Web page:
4-H Livestock Ambassador Short Course, Advocacy Academy rolls out at AFS
Texas Tech's College of Agricultural Sciences and Natural Resources is set to host two summer programs offered to high school students who excel in their 4-H clubs. Texas Tech has partnered with Texas A&M AgriLife Extension to offer the Texas 4-H Livestock Ambassador Short Course to students starting next week.
The program focused on on providing students interested in studying livestock and animal science insight on opportunities available in higher education. "It's exciting because we get to have the cream of the crop visit our facilities and see what we have to offer in the animal science program here at Texas Tech," said Moriah Beyers, the coordinator of meat science programs.
The ambassador program is offered at both Texas A&M and Texas Tech with 25 students invited to participate at each campus. The 4-H'ers attend classes and seminars designed to enhance knowledge and skills to become ambassadors for animal science and the livestock industry. During the course, students are exposed to college-level animal science curriculum and given the opportunity to discuss topics such as food safety, nutrition, reproduction and animal well-being.
Beyers said students also get the opportunity to interact with Texas Tech students to learn more about the animal science program. After the three-day course, students earn the title of ambassador and are required to log at least 30 hours of service annually helping with 4-H projects and educating fellow students.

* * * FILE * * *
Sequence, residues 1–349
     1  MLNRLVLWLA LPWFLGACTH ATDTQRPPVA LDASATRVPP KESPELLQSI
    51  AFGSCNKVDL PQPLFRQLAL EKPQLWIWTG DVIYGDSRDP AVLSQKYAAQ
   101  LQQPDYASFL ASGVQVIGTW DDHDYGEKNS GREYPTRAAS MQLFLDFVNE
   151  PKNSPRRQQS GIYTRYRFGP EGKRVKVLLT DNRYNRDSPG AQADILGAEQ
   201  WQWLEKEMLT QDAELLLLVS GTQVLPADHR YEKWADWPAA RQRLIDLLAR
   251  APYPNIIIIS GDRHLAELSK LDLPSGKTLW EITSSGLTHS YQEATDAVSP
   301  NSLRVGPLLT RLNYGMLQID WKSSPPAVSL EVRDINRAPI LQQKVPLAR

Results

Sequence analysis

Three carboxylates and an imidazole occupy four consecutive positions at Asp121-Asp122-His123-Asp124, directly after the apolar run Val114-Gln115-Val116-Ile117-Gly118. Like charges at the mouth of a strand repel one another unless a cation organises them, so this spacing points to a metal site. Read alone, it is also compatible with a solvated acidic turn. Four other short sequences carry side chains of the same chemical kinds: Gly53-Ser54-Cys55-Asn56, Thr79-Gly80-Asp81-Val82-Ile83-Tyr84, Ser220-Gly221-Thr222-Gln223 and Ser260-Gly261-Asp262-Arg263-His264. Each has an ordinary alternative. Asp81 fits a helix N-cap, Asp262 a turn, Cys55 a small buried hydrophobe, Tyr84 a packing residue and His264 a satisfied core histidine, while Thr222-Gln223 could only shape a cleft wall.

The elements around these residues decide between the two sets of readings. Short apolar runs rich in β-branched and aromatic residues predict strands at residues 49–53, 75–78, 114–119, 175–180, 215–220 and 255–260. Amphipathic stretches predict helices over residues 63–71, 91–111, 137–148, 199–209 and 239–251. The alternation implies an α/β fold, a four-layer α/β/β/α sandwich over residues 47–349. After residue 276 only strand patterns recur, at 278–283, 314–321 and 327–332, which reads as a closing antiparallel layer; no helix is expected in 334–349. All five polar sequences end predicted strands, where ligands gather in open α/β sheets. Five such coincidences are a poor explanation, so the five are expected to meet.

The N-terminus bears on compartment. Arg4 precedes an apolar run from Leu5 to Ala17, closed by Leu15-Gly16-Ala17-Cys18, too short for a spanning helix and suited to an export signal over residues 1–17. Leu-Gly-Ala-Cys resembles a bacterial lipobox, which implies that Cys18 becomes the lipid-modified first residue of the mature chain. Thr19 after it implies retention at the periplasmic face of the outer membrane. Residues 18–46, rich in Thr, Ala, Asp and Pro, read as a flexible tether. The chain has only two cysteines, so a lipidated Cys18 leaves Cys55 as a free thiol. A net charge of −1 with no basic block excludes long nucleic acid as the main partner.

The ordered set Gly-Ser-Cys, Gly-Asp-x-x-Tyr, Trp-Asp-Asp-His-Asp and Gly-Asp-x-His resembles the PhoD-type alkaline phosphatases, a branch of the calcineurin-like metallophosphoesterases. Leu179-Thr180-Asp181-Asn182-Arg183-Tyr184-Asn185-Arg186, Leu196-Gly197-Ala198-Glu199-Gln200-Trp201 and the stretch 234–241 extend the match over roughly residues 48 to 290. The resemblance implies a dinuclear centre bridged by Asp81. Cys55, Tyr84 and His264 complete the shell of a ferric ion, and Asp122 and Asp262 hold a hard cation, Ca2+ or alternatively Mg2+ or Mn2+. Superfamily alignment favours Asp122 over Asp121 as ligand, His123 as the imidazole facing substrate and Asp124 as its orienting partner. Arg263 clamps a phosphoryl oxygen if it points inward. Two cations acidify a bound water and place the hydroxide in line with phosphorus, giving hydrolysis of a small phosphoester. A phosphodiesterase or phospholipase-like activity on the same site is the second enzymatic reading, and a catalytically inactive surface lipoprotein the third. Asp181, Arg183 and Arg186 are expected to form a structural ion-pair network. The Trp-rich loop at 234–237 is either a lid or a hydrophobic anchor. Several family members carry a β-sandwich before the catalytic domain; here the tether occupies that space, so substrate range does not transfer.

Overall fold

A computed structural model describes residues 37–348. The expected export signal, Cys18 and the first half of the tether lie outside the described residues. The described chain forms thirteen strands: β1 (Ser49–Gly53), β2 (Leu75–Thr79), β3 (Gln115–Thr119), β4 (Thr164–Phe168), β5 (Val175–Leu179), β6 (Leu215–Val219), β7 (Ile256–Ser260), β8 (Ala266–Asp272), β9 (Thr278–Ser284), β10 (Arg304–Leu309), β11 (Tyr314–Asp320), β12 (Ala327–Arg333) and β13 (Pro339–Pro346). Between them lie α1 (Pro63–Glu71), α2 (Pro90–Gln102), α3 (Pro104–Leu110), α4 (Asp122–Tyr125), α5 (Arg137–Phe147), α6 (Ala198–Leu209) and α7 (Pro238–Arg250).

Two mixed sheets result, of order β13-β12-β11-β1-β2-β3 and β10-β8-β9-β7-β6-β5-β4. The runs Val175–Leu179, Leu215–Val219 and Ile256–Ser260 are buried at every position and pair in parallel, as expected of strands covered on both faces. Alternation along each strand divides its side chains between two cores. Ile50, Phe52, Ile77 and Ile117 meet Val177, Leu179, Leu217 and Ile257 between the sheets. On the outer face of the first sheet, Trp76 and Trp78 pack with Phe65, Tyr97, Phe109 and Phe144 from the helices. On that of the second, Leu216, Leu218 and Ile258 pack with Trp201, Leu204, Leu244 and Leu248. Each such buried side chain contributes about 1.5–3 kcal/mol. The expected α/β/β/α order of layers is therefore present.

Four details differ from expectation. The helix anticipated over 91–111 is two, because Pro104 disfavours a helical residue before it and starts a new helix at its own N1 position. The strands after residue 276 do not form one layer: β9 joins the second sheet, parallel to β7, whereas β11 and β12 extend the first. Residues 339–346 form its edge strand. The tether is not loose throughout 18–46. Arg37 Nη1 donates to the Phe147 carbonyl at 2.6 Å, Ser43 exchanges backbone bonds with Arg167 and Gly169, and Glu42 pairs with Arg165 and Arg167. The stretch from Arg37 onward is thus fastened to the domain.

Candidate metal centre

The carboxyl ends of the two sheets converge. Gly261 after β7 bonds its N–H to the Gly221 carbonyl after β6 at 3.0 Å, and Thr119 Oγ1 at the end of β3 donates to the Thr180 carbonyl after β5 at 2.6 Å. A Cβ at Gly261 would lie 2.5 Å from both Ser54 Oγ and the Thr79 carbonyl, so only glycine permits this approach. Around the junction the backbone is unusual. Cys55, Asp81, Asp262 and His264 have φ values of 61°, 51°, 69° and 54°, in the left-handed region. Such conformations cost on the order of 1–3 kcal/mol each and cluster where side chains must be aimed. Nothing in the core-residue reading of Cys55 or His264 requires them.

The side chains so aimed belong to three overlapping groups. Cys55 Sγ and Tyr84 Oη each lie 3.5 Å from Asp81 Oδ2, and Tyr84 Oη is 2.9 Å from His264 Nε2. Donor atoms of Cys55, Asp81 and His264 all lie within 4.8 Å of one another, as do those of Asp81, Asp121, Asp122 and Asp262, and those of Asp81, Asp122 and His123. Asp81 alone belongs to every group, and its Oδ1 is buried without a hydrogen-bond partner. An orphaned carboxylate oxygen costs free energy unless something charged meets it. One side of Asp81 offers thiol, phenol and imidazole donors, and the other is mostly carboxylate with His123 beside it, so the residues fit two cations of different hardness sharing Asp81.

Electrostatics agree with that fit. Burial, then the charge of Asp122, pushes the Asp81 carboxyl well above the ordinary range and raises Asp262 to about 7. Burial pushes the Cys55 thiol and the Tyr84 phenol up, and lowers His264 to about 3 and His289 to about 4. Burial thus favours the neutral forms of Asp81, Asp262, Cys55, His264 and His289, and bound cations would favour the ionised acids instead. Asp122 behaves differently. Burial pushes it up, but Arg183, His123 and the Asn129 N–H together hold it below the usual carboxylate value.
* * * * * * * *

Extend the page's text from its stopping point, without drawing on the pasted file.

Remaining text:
Earlier this week, for the first time, Texas Tech hosted another part of the ambassador program called the, 'Advocacy Academy.' Students who attended the ambassador program the previous year were eligible to apply for the 25 spots open in the Advocacy Academy.
The academy looked deeper into lessons taught in the ambassador program. Students were instructed on communication and marketing topics, such as media training and how to help them in promoting the agriculture industry. Beyers said their program is excited to educate the next generation of agricultural industry leaders. Texas Tech will benefit from getting exceptional prospective students on campus to meet our faculty, staff and students," Beyers said. "Hopefully these students will consider attending Texas Tech when they decide where to further their education."
Written by Grace Acuna
CONTACT: Moriah Beyers, Coordinator of Meat Science Programs, Department of Animal and Food Sciences, Texas Tech University at (806)742-2805, ext. 248 or firstname.lastname@example.org
Editor's Note: For more information, go to http://today.ttu.edu/2013/07/agriculture-programs-bring-youth-to-texas-tech-campus/
- Agricultural & Applied Economics
- Agricultural Education & Communications
- Animal & Food Sciences
- Landscape Architecture
- Natural Resources Management
- Plant & Soil Science
- Veterinary Science
Editor: Norman Martin
Maps: Where to Find It